Langen, Germany, October 30, 2008 - Fujitsu Microelectronics Europe (FME) today expanded its line-up of H.264*1 CODECs with two new devices that encode and decode full high-definition (HD) (1920 dots x 1080 lines) Video in H.264 format. The first of the two products to be launched, the ultra-low power MB86H55, features power consumption of only 500mW during full HD encoding including the built-in memory, an industry-leading level for low power consumption. In addition, the upcoming MB86H56 will offer processing of full HD video at 60 frames-per-second (progressive) '60p'*2, to improve picture quality even further.

-- http://embedded-computing.com/fujitsu-full-h-264-codecs [embedded-computing.com]

That's half a Watt encoding HD, a general purpose CPU would be consuming tens, or even a hundred watts to do that.

Re:is html5 going to provide faster better video? (1)

True Grit (739797) | more than 4 years ago | (#30789324)

That's half a Watt encoding HD, a general purpose CPU would be consuming tens, or even a hundred watts to do that.

This is a special device/chipset for embedded devices, however, Google isn't running youtube on embedded devices.

Once you take into consideration the power their server farms are already consuming, any savings just from hardware encoding (which they would only need to do *once* if they could move the market to one Internet video codec standard) becomes a small percentage of their total power consumption.

Never mind that doing something like this would require them to add a PCI card with this chipset to every one of their server PC's. See xous's comment above us about Google's hardware strategy (using cheap, bog-standard, commodity hardware).

You can bet Google has looked at hardware options like this, but instead, they bought On2. Hmmm...

Re:is html5 going to provide faster better video? (2, Informative)

molecular (311632) | more than 4 years ago | (#30790038)

That's half a Watt encoding HD, a general purpose CPU would be consuming tens, or even a hundred watts to do that.

They wouldn't have to put that into the youtube web-servers, because, as you said later in your post, they'd only have to do it once. They would certainly pre-encode all the videos and put them on storage somewhere (cloudy place).
Also: noone forces them to use an embedded device, even if the chip was specifically made for use in such.

Re:is html5 going to provide faster better video? (1)

zippthorne (748122) | more than 3 years ago | (#30790686)

When you handle as much video as youtube, "pre-encoding the videos" is a huge technical challenge that hardware acceleration would be incredibly useful for.

Re:is html5 going to provide faster better video? (1)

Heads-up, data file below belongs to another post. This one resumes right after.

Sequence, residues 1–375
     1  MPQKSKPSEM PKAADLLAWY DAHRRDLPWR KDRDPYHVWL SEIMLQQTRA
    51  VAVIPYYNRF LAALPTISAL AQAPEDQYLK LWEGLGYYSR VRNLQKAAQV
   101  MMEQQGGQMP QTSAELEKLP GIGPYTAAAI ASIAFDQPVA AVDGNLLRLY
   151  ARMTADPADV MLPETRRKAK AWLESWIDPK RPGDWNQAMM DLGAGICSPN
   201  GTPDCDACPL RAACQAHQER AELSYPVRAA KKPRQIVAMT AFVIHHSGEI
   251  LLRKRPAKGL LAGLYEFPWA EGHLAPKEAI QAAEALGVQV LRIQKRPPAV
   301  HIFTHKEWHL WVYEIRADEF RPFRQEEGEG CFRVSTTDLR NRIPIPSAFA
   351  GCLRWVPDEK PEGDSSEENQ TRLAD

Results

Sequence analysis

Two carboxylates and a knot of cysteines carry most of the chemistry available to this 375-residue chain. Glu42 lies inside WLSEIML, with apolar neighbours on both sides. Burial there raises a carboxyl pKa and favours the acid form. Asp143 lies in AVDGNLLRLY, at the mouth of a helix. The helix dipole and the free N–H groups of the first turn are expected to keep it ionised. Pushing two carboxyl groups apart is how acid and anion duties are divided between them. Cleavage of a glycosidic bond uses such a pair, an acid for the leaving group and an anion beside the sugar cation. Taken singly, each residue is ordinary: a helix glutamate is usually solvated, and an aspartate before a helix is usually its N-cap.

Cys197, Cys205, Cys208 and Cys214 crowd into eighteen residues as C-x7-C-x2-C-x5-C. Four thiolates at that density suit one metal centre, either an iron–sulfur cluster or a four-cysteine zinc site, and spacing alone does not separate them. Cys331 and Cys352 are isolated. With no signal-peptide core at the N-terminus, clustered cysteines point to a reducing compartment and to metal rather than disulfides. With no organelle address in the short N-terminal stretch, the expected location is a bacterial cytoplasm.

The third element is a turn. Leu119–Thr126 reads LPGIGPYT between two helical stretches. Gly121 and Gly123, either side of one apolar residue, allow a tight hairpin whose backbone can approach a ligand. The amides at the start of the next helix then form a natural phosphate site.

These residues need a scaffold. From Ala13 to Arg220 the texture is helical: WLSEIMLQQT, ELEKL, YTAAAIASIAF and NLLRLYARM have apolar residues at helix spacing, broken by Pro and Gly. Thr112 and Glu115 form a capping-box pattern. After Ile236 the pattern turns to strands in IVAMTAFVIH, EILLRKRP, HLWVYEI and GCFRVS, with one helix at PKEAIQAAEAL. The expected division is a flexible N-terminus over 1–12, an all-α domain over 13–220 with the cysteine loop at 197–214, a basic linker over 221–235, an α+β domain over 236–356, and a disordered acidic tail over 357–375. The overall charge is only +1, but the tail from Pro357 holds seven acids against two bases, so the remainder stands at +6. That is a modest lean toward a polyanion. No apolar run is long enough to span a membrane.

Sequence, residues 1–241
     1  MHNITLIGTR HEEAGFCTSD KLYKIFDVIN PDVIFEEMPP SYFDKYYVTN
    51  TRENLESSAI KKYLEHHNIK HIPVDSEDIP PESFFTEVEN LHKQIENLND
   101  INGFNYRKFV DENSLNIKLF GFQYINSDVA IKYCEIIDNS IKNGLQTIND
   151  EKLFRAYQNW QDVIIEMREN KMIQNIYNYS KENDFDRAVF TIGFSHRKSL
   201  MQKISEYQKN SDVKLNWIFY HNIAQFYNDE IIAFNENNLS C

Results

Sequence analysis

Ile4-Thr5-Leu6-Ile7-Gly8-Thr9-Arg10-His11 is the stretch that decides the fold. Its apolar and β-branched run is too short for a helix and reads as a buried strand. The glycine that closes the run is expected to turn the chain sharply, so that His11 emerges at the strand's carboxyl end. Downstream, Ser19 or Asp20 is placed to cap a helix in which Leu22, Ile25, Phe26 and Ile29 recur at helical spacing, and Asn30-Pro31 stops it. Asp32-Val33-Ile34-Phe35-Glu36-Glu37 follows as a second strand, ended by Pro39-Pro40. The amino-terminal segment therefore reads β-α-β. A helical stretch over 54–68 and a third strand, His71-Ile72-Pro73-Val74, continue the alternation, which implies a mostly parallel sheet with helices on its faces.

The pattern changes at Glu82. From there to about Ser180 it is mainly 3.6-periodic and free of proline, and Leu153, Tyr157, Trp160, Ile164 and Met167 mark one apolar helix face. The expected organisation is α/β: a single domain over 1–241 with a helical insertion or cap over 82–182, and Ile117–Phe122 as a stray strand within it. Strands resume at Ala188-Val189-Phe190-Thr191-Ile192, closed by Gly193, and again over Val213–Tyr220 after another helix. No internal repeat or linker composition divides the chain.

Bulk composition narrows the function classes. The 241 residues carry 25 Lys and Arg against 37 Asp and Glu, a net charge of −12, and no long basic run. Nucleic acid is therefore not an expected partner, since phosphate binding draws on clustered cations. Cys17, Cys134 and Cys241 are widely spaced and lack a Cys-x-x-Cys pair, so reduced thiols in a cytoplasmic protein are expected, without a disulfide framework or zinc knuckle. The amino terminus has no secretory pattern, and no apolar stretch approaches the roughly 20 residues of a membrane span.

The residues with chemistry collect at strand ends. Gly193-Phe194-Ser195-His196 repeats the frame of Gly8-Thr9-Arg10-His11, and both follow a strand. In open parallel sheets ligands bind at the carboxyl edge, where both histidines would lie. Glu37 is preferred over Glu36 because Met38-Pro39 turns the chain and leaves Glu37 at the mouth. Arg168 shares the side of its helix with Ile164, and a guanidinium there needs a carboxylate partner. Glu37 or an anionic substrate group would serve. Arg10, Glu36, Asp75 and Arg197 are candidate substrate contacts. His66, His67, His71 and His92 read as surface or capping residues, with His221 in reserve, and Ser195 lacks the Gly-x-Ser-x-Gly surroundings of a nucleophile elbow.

True Grit (739797) | more than 3 years ago | (#30791182)

They wouldn't have to put that into the youtube web-servers, because, as you said later in your post, they'd only have to do it once.

They'd only do it once if they were able to use a real, open, universal standard. We don't have that yet.

And no, h264's de-facto standard is not a *real* standard, its derived solely from popularity, not from an industry-wide agreement (if it was a real standard it would be part of HTML5 right now).

Re:is html5 going to provide faster better video? (1)

maxume (22995) | more than 4 years ago | (#30790138)

Every server? They are smarter than that. They could add the encoder cards to every server in a single data center (or some portion) and offload the encoding to that farm, and just store the data everywhere.

Re:is html5 going to provide faster better video? (0)

Anonymous Coward | more than 3 years ago | (#30790680)

I work for a major company the produces popular digital HD video cameras. The codec that is used to encode/store videos on the device is a big deal. If you choose the wrong codec, your battery life with be awful.

Re:is html5 going to provide faster better video? (1)

gedw99 (1597337) | more than 4 years ago | (#30789386)

http://www.mpegla.com/main/programs/AVC/Documents/AVC_TermsSummary.pdf [mpegla.com]

its free for the first 100,000 oem units, and then pretty cheap.

BUT; it states these are for up to 2010, so we are now in 2010 and i cant find the costs on their site yet

ged

Re:is html5 going to provide faster better video? (1)

True Grit (739797) | more than 4 years ago | (#30789416)

BUT; it states these are for up to 2010

Bingo, this is that 'other shoe' everyone is waiting for to be dropped.

IIRC, there is no firm date for when they'll release their new licensing plans, but I read somewhere its most likely to come out early this year, say March-May, or so. The current regime expires at the end of this year (Dec. 31), so they'll have to get the new one out with enough lead-time for everyone deal with and, they hope, eventually accept, the suspected new 'pain' that will be involved...

Re:is html5 going to provide faster better video? (1)